To learn more about reverb pedals, check out my article What Are Reverb Pedals (Guitar Effects) & How Do They Work?
Where Should Tremolo Pedals Go In The Signal Chain?
Tremolo is an amplitude modulation effect and will likely perform best among other modulation-type effects. That is, after dynamic, pitch-shifting, synth and gain-based effects.
Alternatively, try adding tremolo after time-based effects (reverb and delay). Some guitar amps that offer tremolo have it after their reverb, which can sound really nice.
Of course, these are just suggestions, take some time to experiment and listen for what sounds best to you when setting up the order of the pedals in your rig!
To learn more about ordering pedals in the signal chain, check out my article How To Order Guitar/Bass Pedals (Ultimate Signal Flow Guide).
Other Amplitude Modulation Pedals
Before we wrap up the article, I’d like to discuss a few other effects pedals that work with by affecting the amplitude of the signal.
More specifically, let’s go over the following pedals that alter signal amplitude:
Volume pedals are generally designed as expression pedals (with treadle-type foot controller). They control to volume or amplitude of the signal passing through their circuit.
This volume control is achieved by means of attenuation rather than by applying gain.
Volume pedals are easy to understand. The expression pedal will allow maximum signal in either toe-down or heel-down position and no signal at the opposite position, depending on how the pedal is set up.
Volume pedals do not only allow for muting, which is great between songs, while tuning, etc. They also allow for volume swells and other changes in dynamics due, in large part, to their continuously variable nature.
The Ernie Ball VP JR. (link to check the price on Amazon) is a popular volume pedal with a relatively small footprint (hence the name “Jr.”). This expression pedal will effectively control the volume of the guitar or bass signal.
The Ernie Ball VP Jr. is featured in My New Microphone’s Top 7 Best Volume Pedals For Guitar & Bass.
Ring Modulation Pedals
Ring modulation is a bit more tricky to understand. Let me break down the effect in relation to tremolo.
I like to think of it this way: ring modulation is to tremolo what frequency modulation synthesis is to vibrato. It’s not a perfect analogy but it works for me.
So with tremolo, we have an LFO that modulates the amplitude of the signal. Ring modulation is a similar kind of amplitude modulation effect, only with faster oscillation.
What happens when we speed up the oscillation of a signal’s “tremolo”?
Eventually, as we increase the oscillator into the audible range, there will be less of a noticeable tremolo effect and more of an effect on the waveform of the signal itself.
At this point, the modulator signal (what would be the LFO) begins to shape the carrier signal (the audio) into a new waveform with different harmonic content.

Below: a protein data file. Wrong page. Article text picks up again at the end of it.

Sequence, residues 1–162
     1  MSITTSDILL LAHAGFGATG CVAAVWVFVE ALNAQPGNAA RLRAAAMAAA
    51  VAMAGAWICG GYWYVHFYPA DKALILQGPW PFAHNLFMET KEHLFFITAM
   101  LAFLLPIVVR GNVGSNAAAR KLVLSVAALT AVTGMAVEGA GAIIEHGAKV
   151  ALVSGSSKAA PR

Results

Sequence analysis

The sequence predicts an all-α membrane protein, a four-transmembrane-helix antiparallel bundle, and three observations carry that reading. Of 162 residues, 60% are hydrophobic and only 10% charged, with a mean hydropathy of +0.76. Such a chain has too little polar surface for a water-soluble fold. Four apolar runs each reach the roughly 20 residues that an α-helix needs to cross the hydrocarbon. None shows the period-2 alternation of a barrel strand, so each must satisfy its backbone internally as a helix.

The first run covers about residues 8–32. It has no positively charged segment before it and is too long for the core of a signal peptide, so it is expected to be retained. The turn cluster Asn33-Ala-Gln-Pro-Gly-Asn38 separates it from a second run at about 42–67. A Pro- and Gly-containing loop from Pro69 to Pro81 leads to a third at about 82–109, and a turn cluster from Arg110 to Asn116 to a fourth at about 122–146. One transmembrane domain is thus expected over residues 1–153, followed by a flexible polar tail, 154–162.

Ring modulation effectively summed the carrier and modulator signals together to create two brand new frequencies which are the sum and difference of the two signals. The modulator wave is typically a simple wave selected by the effects unit while the carrier signal is the guitar/bass/audio signal at the input.
So with a ring modulation pedal, we have our input signal (the complex waveform of from the guitar) and we have a modular signal (often a sine or square wave produced within the pedal).
The modulator signal acts to modulate the amplitude of the input signal. This results in a modulated signal made up of the sidebands from the sum and difference frequencies (similar to how amplitude modulation works).
The Fairfield Circuitry Randy’s Revenge (link to check the price on Amazon) is a great example of a ring modulator pedal. We can control the frequency of the modulator signal and its waveform (between a square and a sine wave).
This pedal also has a “hi” and “lo” switch, which makes it fitting for an article focused on tremolo. The high mode takes the modulator frequency into the audible range and causes a ring mod effect. The low mode puts the modulator frequency into LFO territory and the pedal effectively becomes a tremolo unit!
The Fairfield Circuitry Randy’s Revenge is featured in My New Microphone’s Top 8 Best Ring Modulation Pedals For Guitar & Bass.
To learn more about ring modulation pedals, check out my article What Are Ring Modulation Effects Pedals & How Do They Work?
What is the difference between tremolo and vibrato? Tremolo and vibrato are both time-varying modulation effects. The difference is that the tremolo effect modulates the amplitude (volume) of the signal while the vibrato effect modulates the frequency (pitch) of the signal. A “tremolo bar” on a guitar is confusing because it actually produces a vibrato effect.
What does a phaser pedal do? A phaser pedal is a stompbox unit that affects the input signal with a phaser circuit (analog or digital). The phaser effect utilizes an LFO to modulate multiple all-pass filters in series to sweep the phase of frequencies within the signal (or DSP that mimics this) to produce the phase-shifting effect known as phaser.
For more information on phaser pedals, check out my article What Are Phaser Pedals (Guitar/Bass FX) & How Do They Work?